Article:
Andrew Lambirth

Inspired and springing draughtsmanship: ‘Femme dans la nuit’, 18 April 1945, by Jean Miró

The painter who channelled the forces of gravity

21 June 2014 8:00 am

Tragically, Ian Welsh (1944–2014) did not live to see this exhibition of his latest work. Diagnosed with terminal cancer on…

‘Prince Pig’s Courtship’ by Paula Rego

The Royal Academy Summer Exhibition offers up the good, the bad and the ugly – and a sore neck

14 June 2014 8:00 am

One of the great traditions of the RA’s Summer Exhibition has always been that each work submitted was seen in…

‘Coventry Cathedral’, 1940, by John Piper

Kenneth Clark wasn’t happy simply popularising art, he liked to collect it and shape it too

7 June 2014 9:00 am

Earlier this year, I sat down and watched Kenneth Clark’s groundbreaking TV series Civilisation. I vaguely remember when it was…

‘Stranger III’, 1959, by Lynn Chadwick

Can Lynn Chadwick finally escape the 1950?

31 May 2014 9:00 am

Lynn Chadwick was born 100 years ago in London, and died in 2003 at his Gloucestershire home, Lypiatt Park, where…

‘Steps’, 1931, by Josef Albers

Josef Albers: roaring diagonals and paradisiacal squares

24 May 2014 9:00 am

Josef Albers (1888–1976) is best known for his long engagement with the square, which he painted in exquisite variation more…

‘Stratford St Mary’, 2012, by Justin Partyka

A photographer sheds new light on Constable Country

17 May 2014 9:00 am

Andrew Lambirth talks to Justin Partyka, whose photographs show Constable Country in an unexpected light

‘Composition With Fish’ by Jankel Adler, on show at Goldmark Gallery

The hidden, overlooked and undervalued: Andrew Lambirth’s spring roundup

10 May 2014 9:00 am

Jankel Adler (1895–1949), a Polish Jew who arrived in Glasgow in 1941, was invalided out of the Polish army, and…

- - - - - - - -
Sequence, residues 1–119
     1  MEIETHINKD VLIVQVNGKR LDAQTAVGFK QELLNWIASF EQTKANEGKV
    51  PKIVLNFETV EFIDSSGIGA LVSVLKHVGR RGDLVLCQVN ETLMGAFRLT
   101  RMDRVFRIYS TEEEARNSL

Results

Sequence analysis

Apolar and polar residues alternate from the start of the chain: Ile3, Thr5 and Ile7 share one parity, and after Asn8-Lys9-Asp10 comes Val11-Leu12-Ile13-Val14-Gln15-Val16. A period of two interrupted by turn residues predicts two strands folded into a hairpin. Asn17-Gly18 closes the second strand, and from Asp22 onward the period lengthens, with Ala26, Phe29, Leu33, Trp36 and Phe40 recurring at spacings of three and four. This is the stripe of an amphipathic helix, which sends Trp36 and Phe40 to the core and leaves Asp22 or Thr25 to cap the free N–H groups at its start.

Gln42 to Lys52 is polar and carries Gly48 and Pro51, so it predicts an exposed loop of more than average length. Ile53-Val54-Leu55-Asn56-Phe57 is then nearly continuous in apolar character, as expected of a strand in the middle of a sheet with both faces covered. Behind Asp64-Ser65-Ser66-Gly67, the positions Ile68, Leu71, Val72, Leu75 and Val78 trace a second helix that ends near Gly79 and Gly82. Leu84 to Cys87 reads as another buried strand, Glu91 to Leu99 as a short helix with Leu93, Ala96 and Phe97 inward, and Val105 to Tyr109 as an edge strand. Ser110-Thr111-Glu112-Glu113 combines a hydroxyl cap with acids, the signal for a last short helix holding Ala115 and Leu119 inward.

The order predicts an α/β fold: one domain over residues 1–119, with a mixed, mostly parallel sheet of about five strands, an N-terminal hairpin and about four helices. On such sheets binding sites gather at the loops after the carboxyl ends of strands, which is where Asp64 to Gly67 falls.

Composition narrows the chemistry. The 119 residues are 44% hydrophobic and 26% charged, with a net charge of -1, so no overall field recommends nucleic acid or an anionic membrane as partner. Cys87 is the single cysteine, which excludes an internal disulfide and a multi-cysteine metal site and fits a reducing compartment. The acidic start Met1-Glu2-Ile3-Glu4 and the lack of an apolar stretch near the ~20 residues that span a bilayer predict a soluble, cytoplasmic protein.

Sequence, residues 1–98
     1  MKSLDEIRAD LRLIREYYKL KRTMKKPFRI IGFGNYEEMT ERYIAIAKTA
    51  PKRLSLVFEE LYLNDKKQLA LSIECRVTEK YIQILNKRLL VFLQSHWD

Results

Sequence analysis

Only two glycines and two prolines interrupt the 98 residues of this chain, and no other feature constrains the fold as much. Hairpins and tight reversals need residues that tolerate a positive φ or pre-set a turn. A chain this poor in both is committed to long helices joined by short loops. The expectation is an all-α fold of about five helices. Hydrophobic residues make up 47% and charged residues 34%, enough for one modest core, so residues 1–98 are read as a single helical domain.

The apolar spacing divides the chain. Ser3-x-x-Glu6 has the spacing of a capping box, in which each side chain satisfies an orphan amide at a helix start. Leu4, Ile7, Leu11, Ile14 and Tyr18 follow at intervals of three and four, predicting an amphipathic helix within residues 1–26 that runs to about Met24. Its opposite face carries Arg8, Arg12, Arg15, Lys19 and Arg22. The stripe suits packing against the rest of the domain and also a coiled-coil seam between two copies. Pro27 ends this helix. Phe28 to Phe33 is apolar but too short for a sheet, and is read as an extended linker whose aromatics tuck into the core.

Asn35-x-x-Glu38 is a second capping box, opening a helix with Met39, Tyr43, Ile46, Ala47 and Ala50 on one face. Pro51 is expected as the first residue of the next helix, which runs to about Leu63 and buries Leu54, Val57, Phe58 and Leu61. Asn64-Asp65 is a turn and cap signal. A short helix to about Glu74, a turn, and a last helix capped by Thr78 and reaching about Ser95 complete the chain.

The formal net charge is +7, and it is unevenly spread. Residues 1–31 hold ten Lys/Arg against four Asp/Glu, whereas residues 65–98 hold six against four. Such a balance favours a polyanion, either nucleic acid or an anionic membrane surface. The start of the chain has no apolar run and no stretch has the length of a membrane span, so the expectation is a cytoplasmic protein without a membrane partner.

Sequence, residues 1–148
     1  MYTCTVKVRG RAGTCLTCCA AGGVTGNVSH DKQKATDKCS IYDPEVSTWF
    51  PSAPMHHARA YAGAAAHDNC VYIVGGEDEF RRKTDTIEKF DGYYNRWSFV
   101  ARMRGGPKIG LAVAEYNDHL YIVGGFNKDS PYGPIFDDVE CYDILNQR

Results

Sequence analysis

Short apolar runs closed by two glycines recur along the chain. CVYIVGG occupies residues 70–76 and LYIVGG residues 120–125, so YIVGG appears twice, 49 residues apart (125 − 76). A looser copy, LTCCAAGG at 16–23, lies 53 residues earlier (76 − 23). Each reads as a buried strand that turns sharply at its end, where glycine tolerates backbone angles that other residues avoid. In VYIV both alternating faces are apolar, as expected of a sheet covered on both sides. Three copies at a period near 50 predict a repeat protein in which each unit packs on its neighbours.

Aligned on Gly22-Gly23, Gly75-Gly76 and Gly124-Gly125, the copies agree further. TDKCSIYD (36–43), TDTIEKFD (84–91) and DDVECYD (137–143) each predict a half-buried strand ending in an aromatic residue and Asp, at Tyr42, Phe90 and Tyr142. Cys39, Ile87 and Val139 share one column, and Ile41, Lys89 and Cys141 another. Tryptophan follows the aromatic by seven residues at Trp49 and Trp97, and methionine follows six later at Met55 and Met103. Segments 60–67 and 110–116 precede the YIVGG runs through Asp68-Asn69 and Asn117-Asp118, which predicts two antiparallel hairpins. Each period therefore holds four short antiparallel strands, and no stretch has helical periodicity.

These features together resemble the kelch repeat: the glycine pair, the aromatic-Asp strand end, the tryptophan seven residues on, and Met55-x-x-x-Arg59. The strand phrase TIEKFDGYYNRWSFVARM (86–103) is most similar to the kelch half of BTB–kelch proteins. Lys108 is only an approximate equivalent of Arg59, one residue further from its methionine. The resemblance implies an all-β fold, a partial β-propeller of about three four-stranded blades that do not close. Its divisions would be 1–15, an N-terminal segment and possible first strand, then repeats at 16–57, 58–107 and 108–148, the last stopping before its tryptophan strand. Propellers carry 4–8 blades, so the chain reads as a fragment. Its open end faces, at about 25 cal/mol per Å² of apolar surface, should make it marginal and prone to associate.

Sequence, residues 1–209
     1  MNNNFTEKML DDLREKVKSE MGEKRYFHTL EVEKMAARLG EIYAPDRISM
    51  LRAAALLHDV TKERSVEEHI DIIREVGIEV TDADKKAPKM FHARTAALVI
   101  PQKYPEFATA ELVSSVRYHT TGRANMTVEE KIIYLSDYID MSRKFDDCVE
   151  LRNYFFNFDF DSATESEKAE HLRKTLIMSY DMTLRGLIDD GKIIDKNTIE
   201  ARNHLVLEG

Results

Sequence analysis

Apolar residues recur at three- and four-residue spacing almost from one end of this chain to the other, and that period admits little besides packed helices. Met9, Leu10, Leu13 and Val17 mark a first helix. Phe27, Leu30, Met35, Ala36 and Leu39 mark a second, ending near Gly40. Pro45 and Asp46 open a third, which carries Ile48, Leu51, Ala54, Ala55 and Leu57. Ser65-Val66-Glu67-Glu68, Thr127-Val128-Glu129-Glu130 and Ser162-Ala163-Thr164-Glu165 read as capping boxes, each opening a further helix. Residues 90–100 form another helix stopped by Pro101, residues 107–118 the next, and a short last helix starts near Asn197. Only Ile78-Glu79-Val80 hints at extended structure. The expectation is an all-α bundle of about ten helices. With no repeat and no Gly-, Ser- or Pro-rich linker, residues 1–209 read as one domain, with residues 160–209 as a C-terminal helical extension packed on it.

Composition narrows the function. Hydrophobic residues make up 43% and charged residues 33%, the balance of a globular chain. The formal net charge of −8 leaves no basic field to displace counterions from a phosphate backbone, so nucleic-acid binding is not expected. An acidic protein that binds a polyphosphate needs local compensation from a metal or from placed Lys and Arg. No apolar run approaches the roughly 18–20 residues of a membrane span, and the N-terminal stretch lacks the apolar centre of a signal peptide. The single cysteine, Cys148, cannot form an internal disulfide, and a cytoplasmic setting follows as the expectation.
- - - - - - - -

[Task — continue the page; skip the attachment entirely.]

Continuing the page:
‘Herring Fisher’s Goodbye’, 1928, by Christopher Wood

A fresh perspective on reassuringly familiar artists

3 May 2014 9:00 am

This exhibition examines a loosely knit community of artists and their interaction over a decade at the beginning of the…

‘Icarus’, 1943, by Henri Matisse, maquette for plate VIII of ‘Jazz’, 1947

The Matisse Cut-Outs is a show of true magnificence

26 April 2014 9:00 am

Artists who live long enough to enjoy a late period of working will often produce art that is radically different…

The National Gallery's Veronese is the exhibition of a lifetime

19 April 2014 9:00 am

The National Gallery’s exhibition succeeds triumphantly, says Andrew Lambirth

Design by William Kent for a cascade at Chatsworth, c.1735–40; below, the Bute epergne, 1756, by Thomas Heming, designed by Kent

William Kent was an ideas man - the Damien Hirst of the 18th century

12 April 2014 9:00 am

How important is William Kent (1685–1748)? He’s not exactly a household name and yet this English painter and architect, apprenticed…

Mysteriously ravishing: ‘Santo Spirito’, 2013, by Arturo Di Stefano

It’s the whisper you’ve got to listen for in Arturo Di Stefano’s paintings